Apple defended the fees it charges developers to sell their content and products on its App Store, commissioning a study which showed its rates were similar to rival offerings.
The study, which was conducted by the Analysis Group, is in response to scrutiny the iPhone maker faced in recent months over its App Store policies.
It provided a comparison of App Store commission with 37 other digital and e-commerce platforms.
“The commission rates charged by digital marketplaces most similar to the App Store, such as other app stores and video game digital marketplaces, are generally around 30 per cent,” the research found.
It cited Microsoft, Google, Amazon and Samsung as also charging 30 per cent, however there were some notable exceptions on both ends of the scale.
For example, Analysis Group found certain Chinese marketplaces, including the Xiaomi MIUI app store and Huawei’s AppGallery, often charged 50 per cent or more.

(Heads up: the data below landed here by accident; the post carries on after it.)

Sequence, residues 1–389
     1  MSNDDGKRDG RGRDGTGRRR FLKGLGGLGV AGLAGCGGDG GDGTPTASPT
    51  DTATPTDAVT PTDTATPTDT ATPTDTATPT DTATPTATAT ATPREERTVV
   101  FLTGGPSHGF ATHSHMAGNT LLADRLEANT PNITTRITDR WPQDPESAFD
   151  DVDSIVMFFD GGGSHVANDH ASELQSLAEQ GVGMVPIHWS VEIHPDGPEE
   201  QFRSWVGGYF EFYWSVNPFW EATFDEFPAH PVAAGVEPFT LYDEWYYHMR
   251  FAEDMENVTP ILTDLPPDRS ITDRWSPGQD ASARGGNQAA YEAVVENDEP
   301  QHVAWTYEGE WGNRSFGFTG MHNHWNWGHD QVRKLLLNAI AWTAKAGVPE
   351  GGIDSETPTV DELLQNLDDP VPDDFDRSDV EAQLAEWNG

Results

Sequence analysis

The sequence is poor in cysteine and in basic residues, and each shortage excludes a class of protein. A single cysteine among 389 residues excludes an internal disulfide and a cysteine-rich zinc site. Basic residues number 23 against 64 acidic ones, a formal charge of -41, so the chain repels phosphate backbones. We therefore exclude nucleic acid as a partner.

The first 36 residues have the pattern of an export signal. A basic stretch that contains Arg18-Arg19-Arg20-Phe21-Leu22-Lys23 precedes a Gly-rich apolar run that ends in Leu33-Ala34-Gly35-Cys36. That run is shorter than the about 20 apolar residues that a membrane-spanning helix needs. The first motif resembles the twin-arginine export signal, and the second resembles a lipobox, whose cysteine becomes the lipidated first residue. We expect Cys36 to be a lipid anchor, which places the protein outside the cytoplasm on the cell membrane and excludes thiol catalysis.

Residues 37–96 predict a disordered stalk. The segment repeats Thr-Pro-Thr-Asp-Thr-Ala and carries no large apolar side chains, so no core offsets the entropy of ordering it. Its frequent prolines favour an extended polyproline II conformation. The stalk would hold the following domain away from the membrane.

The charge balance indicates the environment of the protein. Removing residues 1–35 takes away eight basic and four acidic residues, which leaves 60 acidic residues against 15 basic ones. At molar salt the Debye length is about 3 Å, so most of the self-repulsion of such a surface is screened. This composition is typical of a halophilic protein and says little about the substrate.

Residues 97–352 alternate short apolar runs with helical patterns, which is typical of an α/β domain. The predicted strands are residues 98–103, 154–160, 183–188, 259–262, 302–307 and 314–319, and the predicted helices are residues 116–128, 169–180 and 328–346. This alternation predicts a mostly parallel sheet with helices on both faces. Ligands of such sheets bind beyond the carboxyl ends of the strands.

The Epic Games Store, on the other hand, charged 12 per cent commission.
With the study, Apple appears to be digging its heels in, as it faces scrutiny in Europe and the US over its App Store policies.
The European Commission opened a probe in June exploring if Apple’s App Store breached competition rules, while a similar investigation is underway in the US.
Apple CEO Tim Cook is expected to give testimony to the US Congress next week on the matter.
Microsoft president Brad Smith previously weighed in, urging more scrutiny of app stores in general.
Apple already ceded some ground to App Store developers, giving them more power to challenge guidelines following a spat with Basecamp over its Hey email app.Subscribe to our daily newsletter Back